Friday, January 23, 2009
DNA uncovers your geographic origen
An European woman, a Yoruba man, a Japanese child. Which historical and demographic events explain the genetic differences between human populations? Two of the genetic markers that are most used to study human migrations are the Y chromosome and mitochondrial DNA (mtDNA), a type of DNA found within the cellular organelles called mitochondria. These are the only two types of DNA that do not undergo genetic recombination, a phenomenon in which the DNA sequences coming from the mother and the father mix up. The Y chromosome is transmitted intact from the father, and the mtDNA comes always from the mother. The fact that they come always from one parent only makes it much easier to follow their lineage.
Thanks to these markers we know about the large human migrations, such as the colonisation of America and the islands of the Pacific, or the migration out of Africa that took place about 60,000 years ago, first to Asia and Australia and then to Europe and the American continent. We also know that the mtDNA is globally more homogeneous than the Y chromosome. This implies that, contrary to what is usually assumed, women have migrated more than men. This global migration pattern can probably be explained by many small migrations due to the fact that women used to go to live to the regions where their husbands were from.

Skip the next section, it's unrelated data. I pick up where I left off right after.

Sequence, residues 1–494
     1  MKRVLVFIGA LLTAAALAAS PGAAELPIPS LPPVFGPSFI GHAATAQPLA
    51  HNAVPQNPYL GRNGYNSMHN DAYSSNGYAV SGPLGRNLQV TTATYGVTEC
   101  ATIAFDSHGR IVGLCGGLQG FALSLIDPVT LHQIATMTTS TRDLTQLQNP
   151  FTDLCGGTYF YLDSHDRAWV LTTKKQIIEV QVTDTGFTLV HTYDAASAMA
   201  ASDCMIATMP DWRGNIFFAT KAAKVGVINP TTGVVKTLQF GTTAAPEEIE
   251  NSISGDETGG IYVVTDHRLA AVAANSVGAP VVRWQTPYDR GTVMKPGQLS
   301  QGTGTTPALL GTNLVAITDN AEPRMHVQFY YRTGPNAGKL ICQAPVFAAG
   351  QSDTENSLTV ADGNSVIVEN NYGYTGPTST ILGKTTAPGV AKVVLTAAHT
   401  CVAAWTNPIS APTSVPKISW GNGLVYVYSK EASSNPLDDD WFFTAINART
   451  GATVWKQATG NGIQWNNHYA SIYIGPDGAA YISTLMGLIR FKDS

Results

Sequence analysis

But there are still many local migrations to understand. For example, the research group on evolutionary biology at the CEXS-UPF has recently done a study on the Cuban population in order to see if there was an Amerindian genetic footprint left. They were the original population of the island, who were exterminated during the European colonisation. The results show that, even though there are no Amerindian markers in the Y chromosome, up to a third of the genetic background of the mtDNA is Amerindian. This implies that the colonisers had sexual relations with the Amerindian women before their total extermination.
And why is it interesting to study migrations? Apart from the purely historical interest, it is important for genetic epidemiology studies to know the structure of the current populations. For example, to determine if a common genetic variant in a population is associated to a disease it is necessary to first know whether this population is homogeneous.